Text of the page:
P µ T

Therefore

P = kT

Rearranging:

P/T = constant

These three relationships can be combined to give:

PV = constant

T

From the gas laws we can write:

The value of the constant depends on how much gas is being considered.  If we are looking at one mole of gas (which we will define later), then the constant is the universal molar gas constant. This is given the code R and has the value 8.31 J mol-1 K-1.

For n moles of a gas, we can write: Where:

• p - pressure (Pa)

• V - volume (m3)

• n - number of moles

• R - molar gas constant ( 8.31 J mol-1 K-1)

• T - Temperature (K)

This is called the equation of state of an ideal gas. In this equation, SI units must be used, i.e. volume in m-3, pressure in Pa.  Temperature must be in Kelvin (K).  0 K = -273 oC. The temperature quoted in degrees Celsius is commonly set as a bear trap.  Make sure you don't fall into it.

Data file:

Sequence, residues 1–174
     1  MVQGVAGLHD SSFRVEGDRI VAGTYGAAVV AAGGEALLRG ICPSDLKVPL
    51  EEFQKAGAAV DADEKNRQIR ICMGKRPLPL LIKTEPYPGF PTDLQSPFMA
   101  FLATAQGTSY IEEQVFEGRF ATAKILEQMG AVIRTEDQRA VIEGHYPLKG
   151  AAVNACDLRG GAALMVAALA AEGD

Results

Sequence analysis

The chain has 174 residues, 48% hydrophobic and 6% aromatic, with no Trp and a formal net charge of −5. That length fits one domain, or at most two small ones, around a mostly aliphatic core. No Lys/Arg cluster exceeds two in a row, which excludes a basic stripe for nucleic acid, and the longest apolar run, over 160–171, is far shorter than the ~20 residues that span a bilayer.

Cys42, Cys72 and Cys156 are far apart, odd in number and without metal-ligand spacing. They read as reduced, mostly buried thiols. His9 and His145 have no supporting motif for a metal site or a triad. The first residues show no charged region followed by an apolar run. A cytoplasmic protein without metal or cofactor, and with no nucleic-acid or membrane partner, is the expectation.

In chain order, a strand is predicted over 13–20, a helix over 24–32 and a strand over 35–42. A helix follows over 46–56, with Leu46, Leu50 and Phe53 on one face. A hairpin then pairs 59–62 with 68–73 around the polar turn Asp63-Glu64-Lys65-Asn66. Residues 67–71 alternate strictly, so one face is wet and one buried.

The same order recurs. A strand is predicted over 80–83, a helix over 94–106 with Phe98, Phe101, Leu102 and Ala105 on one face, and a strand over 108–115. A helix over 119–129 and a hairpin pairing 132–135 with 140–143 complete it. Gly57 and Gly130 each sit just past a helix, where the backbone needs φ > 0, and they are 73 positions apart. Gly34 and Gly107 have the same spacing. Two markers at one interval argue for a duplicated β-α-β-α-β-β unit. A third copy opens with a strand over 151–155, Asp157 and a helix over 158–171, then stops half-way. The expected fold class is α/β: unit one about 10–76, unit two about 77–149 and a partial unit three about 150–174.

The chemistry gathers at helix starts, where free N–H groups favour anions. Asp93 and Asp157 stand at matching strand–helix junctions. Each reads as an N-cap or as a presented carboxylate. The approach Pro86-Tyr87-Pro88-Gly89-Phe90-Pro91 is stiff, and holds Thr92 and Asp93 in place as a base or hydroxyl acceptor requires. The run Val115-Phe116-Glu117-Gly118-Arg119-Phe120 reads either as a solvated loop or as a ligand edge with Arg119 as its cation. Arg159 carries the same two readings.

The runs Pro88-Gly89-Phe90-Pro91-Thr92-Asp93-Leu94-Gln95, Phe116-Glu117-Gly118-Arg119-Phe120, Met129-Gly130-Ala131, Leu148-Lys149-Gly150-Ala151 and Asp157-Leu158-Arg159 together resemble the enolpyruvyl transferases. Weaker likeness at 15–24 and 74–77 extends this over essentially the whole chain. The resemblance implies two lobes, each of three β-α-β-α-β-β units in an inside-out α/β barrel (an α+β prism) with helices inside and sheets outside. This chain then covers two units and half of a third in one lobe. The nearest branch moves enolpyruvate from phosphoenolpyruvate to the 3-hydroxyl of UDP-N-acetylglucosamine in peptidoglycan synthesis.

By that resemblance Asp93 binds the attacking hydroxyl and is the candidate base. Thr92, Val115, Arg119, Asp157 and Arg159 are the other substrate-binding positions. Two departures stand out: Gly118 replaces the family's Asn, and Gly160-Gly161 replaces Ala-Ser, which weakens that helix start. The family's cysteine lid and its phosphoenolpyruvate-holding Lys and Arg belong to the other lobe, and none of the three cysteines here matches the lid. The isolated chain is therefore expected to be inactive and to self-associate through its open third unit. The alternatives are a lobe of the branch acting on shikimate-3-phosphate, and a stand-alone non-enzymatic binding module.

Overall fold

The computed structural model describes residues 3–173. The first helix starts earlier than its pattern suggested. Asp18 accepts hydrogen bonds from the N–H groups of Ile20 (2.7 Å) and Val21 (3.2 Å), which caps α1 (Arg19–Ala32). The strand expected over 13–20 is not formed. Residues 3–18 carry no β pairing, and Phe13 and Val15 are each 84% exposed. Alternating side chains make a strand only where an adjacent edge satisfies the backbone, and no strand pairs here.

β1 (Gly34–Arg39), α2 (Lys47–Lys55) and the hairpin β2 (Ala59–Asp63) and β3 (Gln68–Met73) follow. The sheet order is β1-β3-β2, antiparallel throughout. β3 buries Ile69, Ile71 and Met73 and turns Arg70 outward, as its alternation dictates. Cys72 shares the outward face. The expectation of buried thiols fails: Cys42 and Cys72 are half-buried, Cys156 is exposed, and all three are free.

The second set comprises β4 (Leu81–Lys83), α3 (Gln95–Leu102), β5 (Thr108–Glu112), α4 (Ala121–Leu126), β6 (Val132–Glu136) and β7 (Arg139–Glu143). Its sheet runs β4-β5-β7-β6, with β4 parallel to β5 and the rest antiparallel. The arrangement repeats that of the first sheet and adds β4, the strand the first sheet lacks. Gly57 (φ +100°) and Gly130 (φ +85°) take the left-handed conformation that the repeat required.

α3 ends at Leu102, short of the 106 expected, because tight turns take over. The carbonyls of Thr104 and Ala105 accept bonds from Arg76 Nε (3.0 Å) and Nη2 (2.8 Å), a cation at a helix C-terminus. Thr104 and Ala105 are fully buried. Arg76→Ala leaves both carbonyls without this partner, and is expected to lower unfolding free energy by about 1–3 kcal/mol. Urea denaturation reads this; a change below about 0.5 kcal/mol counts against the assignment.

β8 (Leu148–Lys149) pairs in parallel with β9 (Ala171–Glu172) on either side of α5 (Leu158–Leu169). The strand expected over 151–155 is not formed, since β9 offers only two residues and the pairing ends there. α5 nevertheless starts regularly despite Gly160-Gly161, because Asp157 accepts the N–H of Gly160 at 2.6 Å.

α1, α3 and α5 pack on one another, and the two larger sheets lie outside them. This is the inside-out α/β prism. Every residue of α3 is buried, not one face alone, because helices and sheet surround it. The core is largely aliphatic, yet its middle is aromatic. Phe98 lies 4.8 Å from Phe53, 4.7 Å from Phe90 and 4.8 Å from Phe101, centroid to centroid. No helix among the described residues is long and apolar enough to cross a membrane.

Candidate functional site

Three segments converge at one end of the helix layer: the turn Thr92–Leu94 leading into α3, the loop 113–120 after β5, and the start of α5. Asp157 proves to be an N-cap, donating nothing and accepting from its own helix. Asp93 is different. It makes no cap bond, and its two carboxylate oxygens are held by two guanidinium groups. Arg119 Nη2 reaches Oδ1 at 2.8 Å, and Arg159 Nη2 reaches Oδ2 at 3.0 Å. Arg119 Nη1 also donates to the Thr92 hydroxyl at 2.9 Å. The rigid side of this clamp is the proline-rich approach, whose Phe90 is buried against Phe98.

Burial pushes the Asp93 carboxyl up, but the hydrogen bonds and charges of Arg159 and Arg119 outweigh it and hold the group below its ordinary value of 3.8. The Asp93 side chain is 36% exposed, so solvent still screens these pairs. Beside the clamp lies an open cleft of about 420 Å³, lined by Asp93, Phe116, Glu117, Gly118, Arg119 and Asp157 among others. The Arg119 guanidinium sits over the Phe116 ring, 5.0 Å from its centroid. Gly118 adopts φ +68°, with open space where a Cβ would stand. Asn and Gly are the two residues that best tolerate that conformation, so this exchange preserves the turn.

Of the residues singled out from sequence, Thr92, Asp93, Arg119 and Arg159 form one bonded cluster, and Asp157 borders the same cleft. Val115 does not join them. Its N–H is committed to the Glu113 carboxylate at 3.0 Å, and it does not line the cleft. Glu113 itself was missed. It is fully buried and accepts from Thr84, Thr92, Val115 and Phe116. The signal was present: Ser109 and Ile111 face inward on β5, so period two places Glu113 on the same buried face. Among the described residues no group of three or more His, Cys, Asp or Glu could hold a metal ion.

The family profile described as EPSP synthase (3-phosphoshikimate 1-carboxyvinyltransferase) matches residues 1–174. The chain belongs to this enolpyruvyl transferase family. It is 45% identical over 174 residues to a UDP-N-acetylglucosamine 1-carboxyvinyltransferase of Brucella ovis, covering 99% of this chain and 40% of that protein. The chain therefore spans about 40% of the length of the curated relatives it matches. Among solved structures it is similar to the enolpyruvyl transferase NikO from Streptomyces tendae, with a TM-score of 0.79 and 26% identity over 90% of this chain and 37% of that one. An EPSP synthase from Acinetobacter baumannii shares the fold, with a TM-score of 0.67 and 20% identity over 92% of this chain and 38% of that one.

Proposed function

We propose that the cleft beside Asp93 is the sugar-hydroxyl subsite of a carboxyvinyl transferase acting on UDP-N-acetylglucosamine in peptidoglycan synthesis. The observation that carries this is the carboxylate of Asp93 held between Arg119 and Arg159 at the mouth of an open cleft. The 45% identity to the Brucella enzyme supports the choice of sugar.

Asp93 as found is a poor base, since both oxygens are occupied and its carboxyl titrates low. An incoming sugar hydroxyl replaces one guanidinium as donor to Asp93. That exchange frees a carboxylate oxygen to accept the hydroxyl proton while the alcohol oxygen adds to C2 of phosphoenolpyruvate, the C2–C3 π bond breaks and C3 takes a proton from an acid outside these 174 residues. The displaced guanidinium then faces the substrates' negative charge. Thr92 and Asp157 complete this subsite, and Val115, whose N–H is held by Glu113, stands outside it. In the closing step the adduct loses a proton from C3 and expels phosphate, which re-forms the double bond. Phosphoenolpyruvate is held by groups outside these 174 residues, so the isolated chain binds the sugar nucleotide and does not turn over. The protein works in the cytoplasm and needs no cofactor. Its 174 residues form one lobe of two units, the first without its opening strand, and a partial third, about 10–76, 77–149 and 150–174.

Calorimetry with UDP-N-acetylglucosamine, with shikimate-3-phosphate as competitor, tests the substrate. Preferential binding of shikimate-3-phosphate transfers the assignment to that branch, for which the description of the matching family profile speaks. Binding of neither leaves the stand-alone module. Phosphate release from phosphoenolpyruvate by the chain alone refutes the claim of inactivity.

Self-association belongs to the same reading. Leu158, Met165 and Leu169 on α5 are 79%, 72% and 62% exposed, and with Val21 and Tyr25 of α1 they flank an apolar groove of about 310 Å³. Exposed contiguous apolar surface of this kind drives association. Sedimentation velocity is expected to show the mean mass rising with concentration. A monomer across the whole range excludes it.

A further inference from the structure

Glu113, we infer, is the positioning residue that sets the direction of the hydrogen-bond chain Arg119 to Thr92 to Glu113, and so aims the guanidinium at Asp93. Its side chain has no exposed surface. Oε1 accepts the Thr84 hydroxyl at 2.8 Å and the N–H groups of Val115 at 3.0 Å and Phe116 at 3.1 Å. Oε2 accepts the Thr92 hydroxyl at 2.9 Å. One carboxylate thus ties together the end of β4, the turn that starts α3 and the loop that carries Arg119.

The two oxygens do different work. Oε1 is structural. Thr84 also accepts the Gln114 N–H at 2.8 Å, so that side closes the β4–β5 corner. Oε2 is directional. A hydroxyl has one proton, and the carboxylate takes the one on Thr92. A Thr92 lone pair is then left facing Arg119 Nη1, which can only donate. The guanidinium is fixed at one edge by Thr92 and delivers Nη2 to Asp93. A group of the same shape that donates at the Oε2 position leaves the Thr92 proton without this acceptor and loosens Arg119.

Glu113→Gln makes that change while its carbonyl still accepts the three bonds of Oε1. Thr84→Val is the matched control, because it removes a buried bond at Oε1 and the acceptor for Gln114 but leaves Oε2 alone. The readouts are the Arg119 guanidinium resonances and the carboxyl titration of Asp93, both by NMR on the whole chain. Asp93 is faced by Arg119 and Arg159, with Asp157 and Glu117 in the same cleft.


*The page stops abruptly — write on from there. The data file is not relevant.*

What is the volume of 2 moles of helium atoms at a temperature of 20 oC and a pressure of 100 kPa?

A more useful version of the ideal gas equation is this: The term p1 stands for pressure in container 1 while p2 stands for pressure in container 2.

 Question 3 A SCUBA* diver is deep underwater at a point where the pressure is 3.03 × 105 Pa, and the temperature is 10 oC.  The volume of her lungs is 3.0 litres.  She spots a dangerous animal and rises very rapidly to the surface where the temperature of the water is 20 oC and the air pressure is 1.01 × 105 Pa.  What is the volume of air in her lungs now? *SCUBA stands for Self-Contained Underwater Breathing Apparatus. ##### The Mole